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NEW YORK (BLOOMBERG) – Only a fraction of the money from Covid-19 stimulus packages announced by the world’s 30 largest economies is being directed to industries that have a net positive impact on the environment and climate, an industry report said.
About US$1.8 trillion (S$2.38 trillion), or 12 per cent, of US$14.9 trillion is being channelled to parts of the transportation and agricultural sectors that are cutting greenhouse-gas emissions or benefiting nature and biodiversity, according to think tanks Vivid Economics and Finance for Biodiversity.
By contrast, almost 33 per cent of the global total is going to carbon-intensive sectors such as fossil fuels and heavy industry.
The analysis is based on scores in the think tanks’ Greenness of Stimulus Index (GSI), which was started last April.
Denmark ranked highest, followed by the European Union and Canada. Russia was at the bottom, after Turkey and Saudi Arabia, the report showed.
Seventeen nations improved their GSI scores, while four fell in the ranking. The US, which ranked 15th of the 30 countries, gained as President Joe Biden signalled support for clean technologies and other industries that are likely to spur green employment.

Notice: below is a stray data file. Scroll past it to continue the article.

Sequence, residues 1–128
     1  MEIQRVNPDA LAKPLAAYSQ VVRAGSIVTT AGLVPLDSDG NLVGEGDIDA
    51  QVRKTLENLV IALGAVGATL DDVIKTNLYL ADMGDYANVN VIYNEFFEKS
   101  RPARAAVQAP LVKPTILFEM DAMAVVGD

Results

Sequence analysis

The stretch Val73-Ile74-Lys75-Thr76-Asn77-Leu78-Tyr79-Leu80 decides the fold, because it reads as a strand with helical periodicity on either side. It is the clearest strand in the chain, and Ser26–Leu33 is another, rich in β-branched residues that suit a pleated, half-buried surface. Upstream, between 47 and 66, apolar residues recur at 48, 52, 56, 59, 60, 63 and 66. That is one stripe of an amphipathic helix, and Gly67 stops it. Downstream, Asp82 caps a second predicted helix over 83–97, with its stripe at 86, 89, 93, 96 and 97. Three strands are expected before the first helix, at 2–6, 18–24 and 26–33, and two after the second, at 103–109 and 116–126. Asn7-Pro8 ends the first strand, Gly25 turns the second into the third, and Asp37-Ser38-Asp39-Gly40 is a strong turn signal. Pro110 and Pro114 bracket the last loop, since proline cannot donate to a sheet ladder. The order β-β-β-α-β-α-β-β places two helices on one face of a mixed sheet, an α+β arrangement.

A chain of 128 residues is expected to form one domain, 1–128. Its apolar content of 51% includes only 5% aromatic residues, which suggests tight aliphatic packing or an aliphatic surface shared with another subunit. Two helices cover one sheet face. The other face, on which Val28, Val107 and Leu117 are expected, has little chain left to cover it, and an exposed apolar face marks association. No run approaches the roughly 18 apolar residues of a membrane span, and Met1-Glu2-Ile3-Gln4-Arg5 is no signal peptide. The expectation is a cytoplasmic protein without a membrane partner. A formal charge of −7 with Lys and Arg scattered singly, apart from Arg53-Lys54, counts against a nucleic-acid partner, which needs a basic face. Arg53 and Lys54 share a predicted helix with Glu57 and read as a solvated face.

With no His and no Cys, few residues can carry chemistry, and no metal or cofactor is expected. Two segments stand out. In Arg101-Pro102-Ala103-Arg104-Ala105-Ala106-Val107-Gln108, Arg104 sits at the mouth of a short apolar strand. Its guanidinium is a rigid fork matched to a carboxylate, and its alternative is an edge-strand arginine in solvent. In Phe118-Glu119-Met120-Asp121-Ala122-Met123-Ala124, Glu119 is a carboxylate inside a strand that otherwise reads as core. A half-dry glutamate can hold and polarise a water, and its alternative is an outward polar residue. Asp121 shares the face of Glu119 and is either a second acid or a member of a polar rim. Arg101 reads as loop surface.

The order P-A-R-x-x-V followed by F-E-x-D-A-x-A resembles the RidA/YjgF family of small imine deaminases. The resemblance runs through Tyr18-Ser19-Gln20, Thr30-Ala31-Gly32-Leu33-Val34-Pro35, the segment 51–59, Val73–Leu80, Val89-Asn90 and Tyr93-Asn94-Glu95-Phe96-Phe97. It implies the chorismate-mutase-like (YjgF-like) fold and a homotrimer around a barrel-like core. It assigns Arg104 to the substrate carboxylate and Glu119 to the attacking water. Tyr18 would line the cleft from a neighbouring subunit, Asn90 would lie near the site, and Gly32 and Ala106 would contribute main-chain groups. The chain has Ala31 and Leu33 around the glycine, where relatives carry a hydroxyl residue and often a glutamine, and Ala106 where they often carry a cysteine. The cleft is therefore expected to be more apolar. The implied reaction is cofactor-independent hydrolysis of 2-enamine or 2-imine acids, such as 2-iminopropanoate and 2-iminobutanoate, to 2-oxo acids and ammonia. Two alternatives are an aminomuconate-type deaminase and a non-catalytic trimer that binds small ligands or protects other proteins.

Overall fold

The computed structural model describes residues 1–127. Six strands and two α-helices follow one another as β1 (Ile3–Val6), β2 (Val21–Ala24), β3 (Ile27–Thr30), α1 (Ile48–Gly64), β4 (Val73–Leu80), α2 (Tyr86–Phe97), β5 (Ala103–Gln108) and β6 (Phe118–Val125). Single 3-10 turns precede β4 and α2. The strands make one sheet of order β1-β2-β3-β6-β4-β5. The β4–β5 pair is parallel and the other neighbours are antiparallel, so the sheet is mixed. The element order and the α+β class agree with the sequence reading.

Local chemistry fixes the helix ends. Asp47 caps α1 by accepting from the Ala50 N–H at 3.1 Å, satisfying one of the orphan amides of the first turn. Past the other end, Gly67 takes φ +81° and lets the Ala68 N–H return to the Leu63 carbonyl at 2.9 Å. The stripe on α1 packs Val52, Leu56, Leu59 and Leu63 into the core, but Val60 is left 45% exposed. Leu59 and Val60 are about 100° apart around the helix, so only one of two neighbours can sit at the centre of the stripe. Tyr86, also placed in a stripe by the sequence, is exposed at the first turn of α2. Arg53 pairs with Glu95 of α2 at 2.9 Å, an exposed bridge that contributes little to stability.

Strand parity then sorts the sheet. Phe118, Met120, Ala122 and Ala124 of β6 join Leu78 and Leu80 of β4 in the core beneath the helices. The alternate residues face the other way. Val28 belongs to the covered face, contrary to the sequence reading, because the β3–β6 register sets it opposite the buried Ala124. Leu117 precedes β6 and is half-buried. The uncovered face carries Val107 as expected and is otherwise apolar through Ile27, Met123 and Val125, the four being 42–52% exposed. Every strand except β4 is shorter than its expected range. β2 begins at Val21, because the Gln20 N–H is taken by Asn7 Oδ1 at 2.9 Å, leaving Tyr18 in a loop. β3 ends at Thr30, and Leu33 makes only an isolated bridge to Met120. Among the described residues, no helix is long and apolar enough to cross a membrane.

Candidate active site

If Mr Biden’s US$1.9 trillion stimulus package, which is currently making its way through Congress, is signed into law, the US’s score may rise further, the think tanks said.
Canada was among the nations whose scores climbed the most in the GSI after its stimulus plan announced in December included infrastructure investments in energy and transport, the think tanks said.
China has a negative score, partly because its stimulus package includes support for the industrial sector. Still, the nation’s GSI score improved overall, as a result of its announced ambitions to reduce its role in global warming and increase its solar and wind capacity, according to the report.
India’s recent stimulus announcement includes incentives for battery production and solar, the think tanks said. Like China, India’s GSI score improved, but its index ranking remained negative, in part because of its support for coal.
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